Was the Home Buyer Tax Credit Really a Help or Just Hype?

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Real Estate Agent with The Buyers' Counsel

Blue HouseWas the Home Buyer Tax Credit Really a Help or Just Hype?

 

Now that the drop dead date of April 30 has come and gone we can look at the government's home buyer tax credit through a different set of eyes.

I don't know how this program played out with most Realtors® but I really had very few people who were driven by it or that actually took advantage of it.  It was more a question of, "If it happens fine - if it doesn't that's fine, as well." 

As a home buyer, if you did not have a home under contract by yesterday, you stood to lose an either $8,000 tax credit if you were a first time home buyer or a $6,500 credit if you were an existing buyer.  Some people will be distressed by having missed this chance.

However, there is another way to view this.  There is a strong possibility that there could be a wave of sentiment from sellers that something has been missed by the passing of this date. And it will have to be reflected in the prices of homes during the "tax credit aftermath." 

Buyers are not the only ones who will have lost an opportunity here. Sellers are going to feel the pinch of this as well. They lost the chance to entice a buyer with an $8,000 or $6,500 discount and will probably have to make up for it in their sales prices.

This is the psychology that is about to take hold.  The government has been providing home buyers with a discount and now sellers will feel some pressure to compensate for the lack of it.

I don't think the bargains are quite over just yet.

Copyright 2010 "Was the Home Buyer Tax Credit Really a Help or Just Hype?" 

 Claudette Millette, Broker, Owner, The Buyers' Counsel - (508) 881-6230

Your Buyer Broker for Massachusetts Since 1992

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Re-Blogged 4 times:

Re-Blogged By Re-Blogged At
  1. Rodney Mason 05/01/2010 02:30 PM
  2. Donald Bradbury 05/01/2010 07:14 PM
  3. Gary Swanson 05/01/2010 07:57 PM
  4. Michael Collins 05/04/2010 05:31 PM
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Ambassador
337,847
Emily Medvec
Keller Williams Santa Fe - Santa Fe, NM
Realtor, Santa Fe NM |CNE CRS RSPS | 505-660-4541

Frankly I think it is too early to tell the impact of the two rounds of tax credits on the real estate market. The psychology of how people make home buying decisions is a wide open topic given the new landscape of real estate. However, you make some good points.

May 01, 2010 09:54 PM #1
Rainmaker
645,151
Team Honeycutt
Allen Tate - Concord, NC

I'm feeling bad for the sellers if this is true.  They are already taking a heavy hit for the most part.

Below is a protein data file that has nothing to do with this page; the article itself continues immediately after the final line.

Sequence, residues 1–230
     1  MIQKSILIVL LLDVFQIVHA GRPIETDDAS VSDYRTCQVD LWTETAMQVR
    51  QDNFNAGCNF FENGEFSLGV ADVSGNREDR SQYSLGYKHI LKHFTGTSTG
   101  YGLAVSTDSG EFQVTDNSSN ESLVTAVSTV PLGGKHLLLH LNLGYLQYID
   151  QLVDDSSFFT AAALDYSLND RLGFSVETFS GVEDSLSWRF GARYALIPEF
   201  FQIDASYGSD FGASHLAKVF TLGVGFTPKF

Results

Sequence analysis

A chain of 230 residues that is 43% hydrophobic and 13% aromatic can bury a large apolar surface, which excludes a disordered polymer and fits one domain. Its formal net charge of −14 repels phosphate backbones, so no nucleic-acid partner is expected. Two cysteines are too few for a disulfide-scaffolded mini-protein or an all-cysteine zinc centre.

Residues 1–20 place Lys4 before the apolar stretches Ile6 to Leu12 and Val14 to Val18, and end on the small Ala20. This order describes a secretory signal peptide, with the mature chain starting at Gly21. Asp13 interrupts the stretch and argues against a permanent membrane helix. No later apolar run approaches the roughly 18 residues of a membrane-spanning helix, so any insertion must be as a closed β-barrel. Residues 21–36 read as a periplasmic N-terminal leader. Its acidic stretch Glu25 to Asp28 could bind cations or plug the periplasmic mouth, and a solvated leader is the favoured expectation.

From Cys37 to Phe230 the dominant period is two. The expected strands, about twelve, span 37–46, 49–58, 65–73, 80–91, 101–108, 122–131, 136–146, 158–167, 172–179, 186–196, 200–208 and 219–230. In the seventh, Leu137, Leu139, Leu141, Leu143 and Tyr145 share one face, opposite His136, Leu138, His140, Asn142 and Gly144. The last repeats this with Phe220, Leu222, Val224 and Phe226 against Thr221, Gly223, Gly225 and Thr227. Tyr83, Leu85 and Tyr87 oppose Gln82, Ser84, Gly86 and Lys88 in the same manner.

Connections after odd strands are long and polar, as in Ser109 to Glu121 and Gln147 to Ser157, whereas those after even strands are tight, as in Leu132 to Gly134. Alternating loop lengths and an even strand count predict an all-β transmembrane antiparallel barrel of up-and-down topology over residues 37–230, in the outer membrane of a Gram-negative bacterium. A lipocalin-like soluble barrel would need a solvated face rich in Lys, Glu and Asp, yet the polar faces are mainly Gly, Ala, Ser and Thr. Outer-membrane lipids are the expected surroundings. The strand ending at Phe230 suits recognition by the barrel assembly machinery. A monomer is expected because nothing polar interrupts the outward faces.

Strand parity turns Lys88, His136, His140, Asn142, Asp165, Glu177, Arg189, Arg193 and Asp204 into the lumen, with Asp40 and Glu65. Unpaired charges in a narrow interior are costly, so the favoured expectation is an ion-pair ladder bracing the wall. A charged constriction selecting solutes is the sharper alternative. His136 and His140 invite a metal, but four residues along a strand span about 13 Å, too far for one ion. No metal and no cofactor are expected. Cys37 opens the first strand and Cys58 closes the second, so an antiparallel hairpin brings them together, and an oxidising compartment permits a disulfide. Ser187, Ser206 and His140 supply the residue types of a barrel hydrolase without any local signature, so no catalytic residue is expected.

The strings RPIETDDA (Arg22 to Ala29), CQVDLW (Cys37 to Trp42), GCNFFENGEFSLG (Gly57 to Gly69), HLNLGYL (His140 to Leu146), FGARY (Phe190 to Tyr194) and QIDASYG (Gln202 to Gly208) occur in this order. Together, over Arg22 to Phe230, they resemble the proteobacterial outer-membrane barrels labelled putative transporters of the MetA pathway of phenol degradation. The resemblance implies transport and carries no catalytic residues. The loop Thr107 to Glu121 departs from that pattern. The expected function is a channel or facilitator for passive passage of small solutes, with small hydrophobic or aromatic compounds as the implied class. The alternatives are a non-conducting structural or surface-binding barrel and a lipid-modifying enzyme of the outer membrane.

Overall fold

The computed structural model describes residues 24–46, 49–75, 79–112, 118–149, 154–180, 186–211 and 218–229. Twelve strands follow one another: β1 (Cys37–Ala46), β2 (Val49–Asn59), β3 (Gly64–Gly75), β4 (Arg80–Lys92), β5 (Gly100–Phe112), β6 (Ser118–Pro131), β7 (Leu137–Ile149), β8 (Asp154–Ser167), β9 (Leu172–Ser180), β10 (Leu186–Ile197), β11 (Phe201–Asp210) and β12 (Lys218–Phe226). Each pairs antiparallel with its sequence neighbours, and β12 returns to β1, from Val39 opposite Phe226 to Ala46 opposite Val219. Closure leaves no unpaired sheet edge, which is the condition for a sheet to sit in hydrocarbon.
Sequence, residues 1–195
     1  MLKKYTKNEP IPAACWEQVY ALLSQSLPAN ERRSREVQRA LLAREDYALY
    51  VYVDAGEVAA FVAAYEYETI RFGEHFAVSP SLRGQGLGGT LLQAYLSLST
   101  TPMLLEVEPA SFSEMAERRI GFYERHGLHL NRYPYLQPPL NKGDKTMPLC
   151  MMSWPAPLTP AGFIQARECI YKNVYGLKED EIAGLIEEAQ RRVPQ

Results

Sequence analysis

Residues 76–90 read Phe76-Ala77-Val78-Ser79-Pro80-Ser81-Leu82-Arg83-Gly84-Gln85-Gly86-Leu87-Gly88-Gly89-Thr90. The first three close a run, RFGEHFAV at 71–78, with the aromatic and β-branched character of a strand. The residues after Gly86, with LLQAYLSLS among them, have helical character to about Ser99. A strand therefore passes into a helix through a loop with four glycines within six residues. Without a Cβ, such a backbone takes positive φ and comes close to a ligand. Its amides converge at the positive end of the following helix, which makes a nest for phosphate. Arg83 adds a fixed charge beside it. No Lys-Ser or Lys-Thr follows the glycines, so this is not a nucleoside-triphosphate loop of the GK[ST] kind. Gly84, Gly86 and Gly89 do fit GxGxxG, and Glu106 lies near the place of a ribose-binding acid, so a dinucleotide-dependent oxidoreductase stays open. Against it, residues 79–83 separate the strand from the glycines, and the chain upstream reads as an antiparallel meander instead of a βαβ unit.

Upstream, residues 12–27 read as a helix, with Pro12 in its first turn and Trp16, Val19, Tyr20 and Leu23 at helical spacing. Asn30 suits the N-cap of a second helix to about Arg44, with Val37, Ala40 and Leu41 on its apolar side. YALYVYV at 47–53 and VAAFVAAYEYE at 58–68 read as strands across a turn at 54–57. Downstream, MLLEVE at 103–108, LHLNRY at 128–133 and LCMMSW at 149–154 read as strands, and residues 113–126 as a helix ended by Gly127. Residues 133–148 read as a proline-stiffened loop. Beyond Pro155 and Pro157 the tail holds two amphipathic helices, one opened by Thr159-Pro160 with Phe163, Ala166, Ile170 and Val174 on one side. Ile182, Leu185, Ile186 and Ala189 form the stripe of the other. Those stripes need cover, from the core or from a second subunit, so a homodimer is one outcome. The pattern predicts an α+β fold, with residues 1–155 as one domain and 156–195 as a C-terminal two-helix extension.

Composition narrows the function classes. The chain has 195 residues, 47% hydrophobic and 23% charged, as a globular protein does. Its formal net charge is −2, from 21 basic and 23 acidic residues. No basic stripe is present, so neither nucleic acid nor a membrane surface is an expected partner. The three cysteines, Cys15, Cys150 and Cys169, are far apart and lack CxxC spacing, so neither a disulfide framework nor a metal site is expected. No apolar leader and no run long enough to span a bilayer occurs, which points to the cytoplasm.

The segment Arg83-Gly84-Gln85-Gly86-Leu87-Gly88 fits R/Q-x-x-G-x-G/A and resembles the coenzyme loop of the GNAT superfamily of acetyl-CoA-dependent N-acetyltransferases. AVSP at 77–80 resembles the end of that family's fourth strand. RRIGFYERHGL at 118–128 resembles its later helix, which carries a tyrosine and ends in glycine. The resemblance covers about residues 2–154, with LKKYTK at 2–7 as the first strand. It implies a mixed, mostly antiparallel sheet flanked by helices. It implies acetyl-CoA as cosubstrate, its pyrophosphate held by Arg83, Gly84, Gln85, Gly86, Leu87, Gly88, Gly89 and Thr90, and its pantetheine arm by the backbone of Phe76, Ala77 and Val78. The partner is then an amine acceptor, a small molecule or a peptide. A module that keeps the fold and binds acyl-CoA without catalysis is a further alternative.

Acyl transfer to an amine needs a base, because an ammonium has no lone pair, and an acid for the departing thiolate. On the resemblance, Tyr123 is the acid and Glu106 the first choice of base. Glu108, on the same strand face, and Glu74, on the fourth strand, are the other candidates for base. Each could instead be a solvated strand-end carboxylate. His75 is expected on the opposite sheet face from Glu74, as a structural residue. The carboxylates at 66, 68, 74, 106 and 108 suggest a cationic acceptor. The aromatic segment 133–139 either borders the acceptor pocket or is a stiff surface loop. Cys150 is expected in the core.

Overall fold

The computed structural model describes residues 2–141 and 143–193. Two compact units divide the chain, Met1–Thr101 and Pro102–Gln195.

May 03, 2010 03:03 PM #2
Rainmaker
111,122
Jerry Morse
The Morse Company - Janesville, WI
BBA,GRI

Did the tax credit increase consumer confidence?  Or, did it just help First Time and Repeat Buyers just get a great deal?

The next 60 days will tell us!

May 03, 2010 05:47 PM #3
Rainer
31,146
Jesus Sotelo Carrillo
Capitol Real Estate Group - Visalia, CA

I have been asking myself this question for a while. It varies in the local market. Its only a matter of time before we see what the effect is on the real estate market now that the tax credit is gone.

May 03, 2010 06:59 PM #4
Rainmaker
62,944
Rob Dalton
Waikoloa Vacation Rentals - Waikoloa, HI
Big Island Vacation Rental Guru

I know it helped me in making the final decision in weather to purchase now or not.  I knew I would be purchasing in the next year so might as well do it now while I can get the credit.

May 03, 2010 07:32 PM #5
Rainmaker
397,835
Kathryn Acciari
RE/MAX Professional Associates, with offices in Sturbridge, Charlton, Auburn, Spencer, and Shrewsbury - Sturbridge, MA
Realtor - CDPE, CIAS, Sturbridge MA Real Estate

Claudette, my view is that the tax credit helped us through a tough year.  But it's time to let the market adjust itself on its own.  I'm personally hoping that the bailouts and incentives end, and that consumers get back to the basics of saving and not overspending.  (Just like real estate pros have had to get back to basics in their business.)

America's been standing on shakey financial legs since 9/11.  It's going to take a few more years before our economy is stable, and it's got to start at the bottom with careful financial planning.  Just my humble opinion.

May 04, 2010 07:23 AM #6
Rainer
48,091
Gordon W. Miller
Green Mountain Real Estate - Burlington, VT